With the help of a couple of experts, a reporter takes a journey of discovery
By Manny Grossman
Van Cortlandt Park is one of New York City's most heavily used parks with a striking variety of attractions and activities, from a Colonial museum to a vast series of athletic fields. But it's also full of secret spots, little "hidden gems," off the beaten path. They can be significant for their place in history, their geology or their natural beauty.
Recently, I was lucky enough to tour them with geologist Sidney Horenstein - or Sid, as he likes to be called - and Lloyd Ultan, the eminent Bronx historian, as my guides.
Sid is an Environmental Educator Emeritus at the American Museum of Natural History and the natural history consultant to the Bronx County Historical Society. Mr. Ultan has written several books on Bronx history including, Bronx Accent, The Beautiful Bronx and The Bronx in the Innocent Years.
We began our expedition at the Alfred H. Howell Grove, a hilly woodland landscape named in memory of a Riverdale banker, scholar and philanthropist who served as vice president of the locally-based Cleveland H. Dodge Foundation until his death in 1996.
The grove is located a short walk up a paved path behind the Van Cortlandt stables near Broadway and Mosholu Avenue. We drove to the stables' parking lot, but it is also accessible by Bx9 bus.
When we reached the Howell Grove plaque, we faced south, orienting ourselves toward the "John Muir Nature Trail" marker, and walked toward it. If you'd like to retrace our steps, just before you reach the bridge, you will see a trail veer off to the left. Follow that for about 40 feet and you will then see a small downhill trail on your left. Follow the right fork for about 100 feet and you will reach the first hidden gem, a steep stone staircase.
Climb up it for a good workout, or just sit on its steps with a friend and enjoy the silence and the sunlight filtering through the trees. Neither Sid nor Lloyd had any idea of the history of this broad, beautifully landscaped staircase, so we'll leave it to your imagination. We all surmised that it was probably built there as part of the trail design.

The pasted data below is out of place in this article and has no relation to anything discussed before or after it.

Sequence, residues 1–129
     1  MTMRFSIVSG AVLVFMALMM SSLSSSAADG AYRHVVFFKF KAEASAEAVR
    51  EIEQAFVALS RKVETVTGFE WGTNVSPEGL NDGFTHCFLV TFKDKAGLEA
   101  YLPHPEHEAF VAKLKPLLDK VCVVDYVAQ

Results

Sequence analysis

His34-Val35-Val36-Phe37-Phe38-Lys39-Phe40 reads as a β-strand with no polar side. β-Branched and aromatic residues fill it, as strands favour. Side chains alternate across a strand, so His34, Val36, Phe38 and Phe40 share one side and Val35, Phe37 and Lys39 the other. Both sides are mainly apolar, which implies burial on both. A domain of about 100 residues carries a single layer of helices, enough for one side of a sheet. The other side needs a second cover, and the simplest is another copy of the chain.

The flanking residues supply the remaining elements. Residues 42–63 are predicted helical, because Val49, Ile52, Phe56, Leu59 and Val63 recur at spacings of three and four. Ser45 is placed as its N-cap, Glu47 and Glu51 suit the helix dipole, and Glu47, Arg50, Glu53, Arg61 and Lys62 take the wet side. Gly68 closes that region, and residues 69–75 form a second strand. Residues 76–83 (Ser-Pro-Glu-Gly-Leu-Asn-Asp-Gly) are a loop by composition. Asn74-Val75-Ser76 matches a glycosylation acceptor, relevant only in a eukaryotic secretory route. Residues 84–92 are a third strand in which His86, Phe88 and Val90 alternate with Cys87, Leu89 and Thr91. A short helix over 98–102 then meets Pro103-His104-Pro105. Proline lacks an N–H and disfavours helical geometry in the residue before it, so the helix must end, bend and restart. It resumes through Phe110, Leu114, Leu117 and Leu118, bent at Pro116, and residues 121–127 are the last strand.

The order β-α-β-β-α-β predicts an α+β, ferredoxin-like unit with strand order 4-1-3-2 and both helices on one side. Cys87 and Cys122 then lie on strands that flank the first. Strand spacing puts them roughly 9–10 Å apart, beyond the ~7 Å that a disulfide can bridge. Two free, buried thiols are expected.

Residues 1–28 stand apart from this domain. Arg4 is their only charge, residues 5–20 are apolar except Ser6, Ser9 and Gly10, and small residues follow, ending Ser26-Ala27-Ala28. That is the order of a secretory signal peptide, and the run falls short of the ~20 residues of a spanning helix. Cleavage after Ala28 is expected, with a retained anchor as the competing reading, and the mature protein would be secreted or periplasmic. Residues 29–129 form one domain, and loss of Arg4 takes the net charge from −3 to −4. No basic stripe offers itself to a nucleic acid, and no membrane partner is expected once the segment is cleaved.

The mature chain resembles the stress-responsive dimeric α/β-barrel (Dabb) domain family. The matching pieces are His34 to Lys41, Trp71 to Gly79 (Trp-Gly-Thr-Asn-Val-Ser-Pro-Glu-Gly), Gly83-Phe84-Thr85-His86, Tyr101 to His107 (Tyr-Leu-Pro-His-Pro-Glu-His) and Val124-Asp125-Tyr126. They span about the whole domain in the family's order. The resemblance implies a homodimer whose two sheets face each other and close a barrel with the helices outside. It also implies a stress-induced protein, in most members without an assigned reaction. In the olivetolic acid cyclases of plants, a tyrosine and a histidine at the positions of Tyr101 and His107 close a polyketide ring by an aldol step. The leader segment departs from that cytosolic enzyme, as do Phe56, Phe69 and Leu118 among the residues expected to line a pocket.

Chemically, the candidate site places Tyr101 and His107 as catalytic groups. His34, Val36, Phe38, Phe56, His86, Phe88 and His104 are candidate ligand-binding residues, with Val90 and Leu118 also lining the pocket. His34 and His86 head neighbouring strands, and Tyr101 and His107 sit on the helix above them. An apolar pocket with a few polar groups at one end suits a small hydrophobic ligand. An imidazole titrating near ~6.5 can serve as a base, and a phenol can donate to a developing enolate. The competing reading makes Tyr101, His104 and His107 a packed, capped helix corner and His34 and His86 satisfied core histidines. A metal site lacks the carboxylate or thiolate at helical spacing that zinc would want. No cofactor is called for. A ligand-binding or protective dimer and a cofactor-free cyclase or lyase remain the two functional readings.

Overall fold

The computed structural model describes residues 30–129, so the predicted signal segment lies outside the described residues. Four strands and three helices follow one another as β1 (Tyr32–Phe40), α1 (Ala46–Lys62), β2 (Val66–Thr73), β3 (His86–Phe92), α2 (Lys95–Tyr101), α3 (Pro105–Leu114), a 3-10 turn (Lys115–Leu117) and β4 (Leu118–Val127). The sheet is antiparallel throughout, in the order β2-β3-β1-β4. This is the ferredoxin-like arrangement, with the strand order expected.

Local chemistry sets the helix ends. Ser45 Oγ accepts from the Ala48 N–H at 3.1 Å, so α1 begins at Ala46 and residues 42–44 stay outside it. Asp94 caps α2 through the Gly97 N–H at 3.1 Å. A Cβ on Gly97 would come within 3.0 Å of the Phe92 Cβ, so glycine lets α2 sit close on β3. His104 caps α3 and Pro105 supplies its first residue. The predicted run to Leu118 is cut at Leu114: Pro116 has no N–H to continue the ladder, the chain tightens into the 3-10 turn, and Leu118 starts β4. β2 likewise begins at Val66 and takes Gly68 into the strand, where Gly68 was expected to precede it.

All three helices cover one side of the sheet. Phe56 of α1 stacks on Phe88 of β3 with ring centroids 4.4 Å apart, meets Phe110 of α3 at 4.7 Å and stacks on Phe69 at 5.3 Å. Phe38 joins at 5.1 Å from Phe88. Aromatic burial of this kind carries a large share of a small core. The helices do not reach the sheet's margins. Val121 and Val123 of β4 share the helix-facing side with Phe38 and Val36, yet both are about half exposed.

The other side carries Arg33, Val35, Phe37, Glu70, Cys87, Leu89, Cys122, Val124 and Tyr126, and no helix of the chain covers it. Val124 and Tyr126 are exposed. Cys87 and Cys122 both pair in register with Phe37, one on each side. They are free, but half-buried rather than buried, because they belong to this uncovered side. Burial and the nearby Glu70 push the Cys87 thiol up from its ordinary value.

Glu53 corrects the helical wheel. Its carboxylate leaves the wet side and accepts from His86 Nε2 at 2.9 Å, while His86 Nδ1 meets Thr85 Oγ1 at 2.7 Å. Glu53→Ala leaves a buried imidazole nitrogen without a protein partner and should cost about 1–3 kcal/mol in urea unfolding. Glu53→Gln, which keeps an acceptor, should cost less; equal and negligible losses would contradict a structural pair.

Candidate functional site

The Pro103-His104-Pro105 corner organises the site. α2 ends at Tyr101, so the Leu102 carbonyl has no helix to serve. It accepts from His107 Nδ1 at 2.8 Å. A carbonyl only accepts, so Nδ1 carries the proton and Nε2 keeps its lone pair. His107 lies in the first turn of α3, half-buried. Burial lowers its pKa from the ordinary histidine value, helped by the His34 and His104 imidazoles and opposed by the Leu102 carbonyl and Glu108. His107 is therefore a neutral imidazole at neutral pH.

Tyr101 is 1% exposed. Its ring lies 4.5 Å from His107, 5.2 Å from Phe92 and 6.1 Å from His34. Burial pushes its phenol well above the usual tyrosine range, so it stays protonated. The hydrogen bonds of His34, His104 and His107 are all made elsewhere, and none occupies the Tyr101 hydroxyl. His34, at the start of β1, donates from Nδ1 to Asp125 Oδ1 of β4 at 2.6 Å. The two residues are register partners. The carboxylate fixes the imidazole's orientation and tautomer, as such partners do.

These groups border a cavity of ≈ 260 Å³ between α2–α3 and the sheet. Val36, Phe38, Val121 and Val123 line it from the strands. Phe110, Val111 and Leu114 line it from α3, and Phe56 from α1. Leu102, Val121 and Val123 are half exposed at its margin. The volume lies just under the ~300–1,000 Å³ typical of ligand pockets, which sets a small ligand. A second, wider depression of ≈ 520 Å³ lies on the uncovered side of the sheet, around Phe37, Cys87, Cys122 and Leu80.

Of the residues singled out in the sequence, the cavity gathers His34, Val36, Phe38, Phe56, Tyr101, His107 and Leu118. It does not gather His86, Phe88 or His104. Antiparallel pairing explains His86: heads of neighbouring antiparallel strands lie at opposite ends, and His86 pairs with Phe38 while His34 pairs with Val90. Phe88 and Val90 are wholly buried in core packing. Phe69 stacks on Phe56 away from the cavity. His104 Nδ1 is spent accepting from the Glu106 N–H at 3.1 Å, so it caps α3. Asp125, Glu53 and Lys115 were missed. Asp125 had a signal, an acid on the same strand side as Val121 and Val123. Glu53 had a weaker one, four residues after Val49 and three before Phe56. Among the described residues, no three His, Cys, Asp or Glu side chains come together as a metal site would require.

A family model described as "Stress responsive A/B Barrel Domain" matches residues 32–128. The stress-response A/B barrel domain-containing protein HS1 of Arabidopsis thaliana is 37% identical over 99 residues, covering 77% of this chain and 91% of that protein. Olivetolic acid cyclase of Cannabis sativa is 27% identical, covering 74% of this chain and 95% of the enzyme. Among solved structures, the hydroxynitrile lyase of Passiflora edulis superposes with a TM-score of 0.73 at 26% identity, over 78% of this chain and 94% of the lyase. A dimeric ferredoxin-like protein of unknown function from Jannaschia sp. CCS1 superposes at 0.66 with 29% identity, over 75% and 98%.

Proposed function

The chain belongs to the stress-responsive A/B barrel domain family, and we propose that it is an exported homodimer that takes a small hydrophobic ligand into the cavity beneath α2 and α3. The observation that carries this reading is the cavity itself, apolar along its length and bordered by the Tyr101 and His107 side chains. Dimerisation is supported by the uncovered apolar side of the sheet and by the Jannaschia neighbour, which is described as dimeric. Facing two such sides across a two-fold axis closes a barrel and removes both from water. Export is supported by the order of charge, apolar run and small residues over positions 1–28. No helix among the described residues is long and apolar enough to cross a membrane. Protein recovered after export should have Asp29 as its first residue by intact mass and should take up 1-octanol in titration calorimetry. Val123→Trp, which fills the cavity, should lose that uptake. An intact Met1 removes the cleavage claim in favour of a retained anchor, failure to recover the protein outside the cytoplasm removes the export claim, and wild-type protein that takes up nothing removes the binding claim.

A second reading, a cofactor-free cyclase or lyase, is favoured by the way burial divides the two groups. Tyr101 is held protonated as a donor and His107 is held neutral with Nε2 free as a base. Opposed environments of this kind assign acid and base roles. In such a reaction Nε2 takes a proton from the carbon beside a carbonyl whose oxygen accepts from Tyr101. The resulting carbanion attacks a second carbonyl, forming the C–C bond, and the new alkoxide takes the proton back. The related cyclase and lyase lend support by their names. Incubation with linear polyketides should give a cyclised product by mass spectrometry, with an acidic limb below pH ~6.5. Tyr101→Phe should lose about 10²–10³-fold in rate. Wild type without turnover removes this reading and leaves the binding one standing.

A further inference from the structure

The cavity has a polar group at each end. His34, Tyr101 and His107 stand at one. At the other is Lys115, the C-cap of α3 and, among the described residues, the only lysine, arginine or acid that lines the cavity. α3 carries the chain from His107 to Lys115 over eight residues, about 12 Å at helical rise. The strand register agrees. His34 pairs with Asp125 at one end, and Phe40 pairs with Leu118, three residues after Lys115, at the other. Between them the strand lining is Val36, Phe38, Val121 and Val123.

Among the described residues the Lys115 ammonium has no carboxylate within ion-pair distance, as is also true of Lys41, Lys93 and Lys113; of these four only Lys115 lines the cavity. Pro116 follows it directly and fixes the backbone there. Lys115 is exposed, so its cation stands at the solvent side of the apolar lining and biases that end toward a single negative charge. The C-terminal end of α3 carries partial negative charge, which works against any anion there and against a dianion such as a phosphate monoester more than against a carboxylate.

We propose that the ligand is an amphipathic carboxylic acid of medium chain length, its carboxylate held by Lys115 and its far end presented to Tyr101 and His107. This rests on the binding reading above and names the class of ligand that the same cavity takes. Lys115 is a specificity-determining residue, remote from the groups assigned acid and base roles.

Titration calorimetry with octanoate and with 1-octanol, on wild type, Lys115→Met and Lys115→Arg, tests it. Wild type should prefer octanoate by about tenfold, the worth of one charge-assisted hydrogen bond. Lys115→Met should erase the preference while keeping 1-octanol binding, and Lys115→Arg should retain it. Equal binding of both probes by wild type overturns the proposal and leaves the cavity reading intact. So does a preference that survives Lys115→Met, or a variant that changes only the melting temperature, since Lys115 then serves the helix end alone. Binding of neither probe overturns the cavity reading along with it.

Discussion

A rock outcrop
To reach the second gem, head back to Howell Grove. Take the trail just off to the right. Eventually you will reach a fork. Take the left path and walk about 200 feet. Look to your right at this point and you've reached a geological wonder, a high rock cliff.
It's an outcropping of rock, although as Sid explained, "they were not pushed up from the ground," as the name suggests, but rather the "ground around them eroded away," first by receding glaciers 21,000 years ago and then subsequent erosion, which is still very much in evidence today.
"Glaciers act like a plow," explained Sid. "They push rock in front of them. They act like a sled carrying rocks in it, and finally they act like sandpaper, smoothing out the surface as they move over rock."
Today, weather and human use are the main sources of erosion.
Along the trail, Sid noticed small "intrusions" within the rocks that contained clear quartz crystal and deep pink feldspar.
"Intrusions are formed when lava shoots up in between the layer of rock through cracks or fissures," he explained. But he was not done.
"There is a much bigger example of this, you know." He said
"Oh yeah, it's at the base of Vault Hill. These intrusions are not uncommon."
Vault Hill is a massive outcropping of rock visible from the Parade Ground along Broadway.
A bit of bushwhacking
At first, Sid had a hard time finding the intrusion, but after a bit of bushwhacking, he found it. A huge area of white quartz and pink feldspar greeted us. It was so big I could sit down inside of it.
Pointing out how certain sections were chipped away, Sid opined, "That could have been people quarrying for the quartz, or Native Americans using it for their arrowheads."
Vault Hill has historical significance, too. It is where the Van Cortlandt family established their burial ground in 1748, though their remains have since been removed to Woodlawn Cemetery.
At the onset of the American Revolution, City Clerk Augustus Van Cortlandt hid the city's records in the family vault to prevent them from falling into the hands of the British. The stone-walled structure still sits on the high outcropping with a commanding view of the Parade Ground and the city beyond.
We reached another hidden gem by taking the Putnam trail - a great hiking and biking trail that runs north-south through the park along the right-of-way of the now-defunct Putnam railway line. You can follow it north as far as Putnam County. It begins just to the west of the southern end of Van Cortlandt Lake, near the golf course parking area.
Walk north along the western shore of the lake until you come to its northern end and, off to the left, you will come across a line of stone slabs, each identical in size and shape.
"When Grand Central Station was in the design stages, New York Central wanted to try out different types of stone to see how they weathered. They put up several stone slabs next to the Putnam railway line," Lloyd explained. "Eventually they picked the cheapest one, but meanwhile we got our Stonehenge," he joked.
The last hidden gem on our tour was on the Old Croton Aqueduct trail. The aqueduct carried New York City's first water supply, and was built in the 1830s and 40s.
The gem, known as the Weir house, is a structure built to facilitate access to the water tunnel for maintenance and repairs. It sits atop an active stream, and is a great place to stop and ponder the civil engineering marvel that is the Old Croton Aqueduct, or just to relax and enjoy the natural beauty of the site.
Of course, these are but a few of the hidden gems to be found in the park. I haven't even mentioned the site of what was once America's only ski slope accessible by subway.